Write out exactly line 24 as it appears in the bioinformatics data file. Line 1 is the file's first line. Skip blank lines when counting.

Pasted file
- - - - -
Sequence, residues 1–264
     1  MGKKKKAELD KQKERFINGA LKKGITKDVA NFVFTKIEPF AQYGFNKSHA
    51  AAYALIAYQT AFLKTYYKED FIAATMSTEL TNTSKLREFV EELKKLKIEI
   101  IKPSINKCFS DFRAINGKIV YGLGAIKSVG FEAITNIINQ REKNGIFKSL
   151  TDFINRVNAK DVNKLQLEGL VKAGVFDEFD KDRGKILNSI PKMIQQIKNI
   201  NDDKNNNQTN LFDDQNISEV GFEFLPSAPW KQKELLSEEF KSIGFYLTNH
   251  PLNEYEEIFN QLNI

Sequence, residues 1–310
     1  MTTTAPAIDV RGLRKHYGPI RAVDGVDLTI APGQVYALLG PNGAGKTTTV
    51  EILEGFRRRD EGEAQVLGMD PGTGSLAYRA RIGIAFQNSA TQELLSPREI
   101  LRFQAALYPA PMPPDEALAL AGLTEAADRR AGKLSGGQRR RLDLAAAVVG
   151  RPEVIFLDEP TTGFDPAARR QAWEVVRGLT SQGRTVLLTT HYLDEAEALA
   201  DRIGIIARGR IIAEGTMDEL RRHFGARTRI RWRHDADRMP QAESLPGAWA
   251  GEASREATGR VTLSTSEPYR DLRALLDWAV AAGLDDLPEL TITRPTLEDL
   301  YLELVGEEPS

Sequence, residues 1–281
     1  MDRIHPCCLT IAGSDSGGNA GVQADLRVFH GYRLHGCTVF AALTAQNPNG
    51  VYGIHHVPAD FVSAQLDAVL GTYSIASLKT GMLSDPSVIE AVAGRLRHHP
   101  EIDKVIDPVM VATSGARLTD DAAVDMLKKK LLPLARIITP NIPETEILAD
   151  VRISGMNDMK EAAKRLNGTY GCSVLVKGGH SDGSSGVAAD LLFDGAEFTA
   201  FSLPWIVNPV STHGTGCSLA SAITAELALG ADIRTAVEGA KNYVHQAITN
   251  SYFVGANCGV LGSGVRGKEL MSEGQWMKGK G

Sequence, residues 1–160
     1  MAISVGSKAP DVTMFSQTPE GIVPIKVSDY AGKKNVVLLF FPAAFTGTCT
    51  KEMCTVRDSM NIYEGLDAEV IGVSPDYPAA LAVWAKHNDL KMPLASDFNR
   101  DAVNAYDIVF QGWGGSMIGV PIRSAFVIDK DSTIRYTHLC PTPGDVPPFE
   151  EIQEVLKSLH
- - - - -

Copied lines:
     1  MAISVGSKAP DVTMFSQTPE GIVPIKVSDY AGKKNVVLLF FPAAFTGTCT